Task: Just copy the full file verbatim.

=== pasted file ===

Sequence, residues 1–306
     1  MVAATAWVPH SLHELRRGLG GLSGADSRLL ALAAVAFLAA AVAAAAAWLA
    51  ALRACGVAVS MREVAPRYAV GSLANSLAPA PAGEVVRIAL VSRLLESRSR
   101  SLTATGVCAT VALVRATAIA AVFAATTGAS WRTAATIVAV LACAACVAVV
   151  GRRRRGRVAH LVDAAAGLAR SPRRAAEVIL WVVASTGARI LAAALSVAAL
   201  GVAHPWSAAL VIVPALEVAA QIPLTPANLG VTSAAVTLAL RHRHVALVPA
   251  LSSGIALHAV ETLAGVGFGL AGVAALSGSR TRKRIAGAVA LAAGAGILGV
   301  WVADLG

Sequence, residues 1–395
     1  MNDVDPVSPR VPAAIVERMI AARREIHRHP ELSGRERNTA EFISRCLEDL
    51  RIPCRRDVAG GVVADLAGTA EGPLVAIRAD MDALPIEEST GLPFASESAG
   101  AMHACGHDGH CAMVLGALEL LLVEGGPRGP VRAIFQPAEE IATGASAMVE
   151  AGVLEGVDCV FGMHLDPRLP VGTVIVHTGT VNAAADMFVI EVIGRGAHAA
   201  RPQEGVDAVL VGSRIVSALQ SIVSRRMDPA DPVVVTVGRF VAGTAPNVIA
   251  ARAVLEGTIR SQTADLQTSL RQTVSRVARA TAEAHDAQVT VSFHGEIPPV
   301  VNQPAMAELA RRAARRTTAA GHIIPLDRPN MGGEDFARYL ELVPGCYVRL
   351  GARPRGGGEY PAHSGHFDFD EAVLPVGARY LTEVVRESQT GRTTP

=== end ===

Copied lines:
Sequence, residues 1–306
     1  MVAATAWVPH SLHELRRGLG GLSGADSRLL ALAAVAFLAA AVAAAAAWLA
    51  ALRACGVAVS MREVAPRYAV GSLANSLAPA PAGEVVRIAL VSRLLESRSR
   101  SLTATGVCAT VALVRATAIA AVFAATTGAS WRTAATIVAV LACAACVAVV
   151  GRRRRGRVAH LVDAAAGLAR SPRRAAEVIL WVVASTGARI LAAALSVAAL
   201  GVAHPWSAAL VIVPALEVAA QIPLTPANLG VTSAAVTLAL RHRHVALVPA
   251  LSSGIALHAV ETLAGVGFGL AGVAALSGSR TRKRIAGAVA LAAGAGILGV
   301  WVADLG

Sequence, residues 1–395
     1  MNDVDPVSPR VPAAIVERMI AARREIHRHP ELSGRERNTA EFISRCLEDL
    51  RIPCRRDVAG GVVADLAGTA EGPLVAIRAD MDALPIEEST GLPFASESAG
   101  AMHACGHDGH CAMVLGALEL LLVEGGPRGP VRAIFQPAEE IATGASAMVE
   151  AGVLEGVDCV FGMHLDPRLP VGTVIVHTGT VNAAADMFVI EVIGRGAHAA
   201  RPQEGVDAVL VGSRIVSALQ SIVSRRMDPA DPVVVTVGRF VAGTAPNVIA
   251  ARAVLEGTIR SQTADLQTSL RQTVSRVARA TAEAHDAQVT VSFHGEIPPV
   301  VNQPAMAELA RRAARRTTAA GHIIPLDRPN MGGEDFARYL ELVPGCYVRL
   351  GARPRGGGEY PAHSGHFDFD EAVLPVGARY LTEVVRESQT GRTTP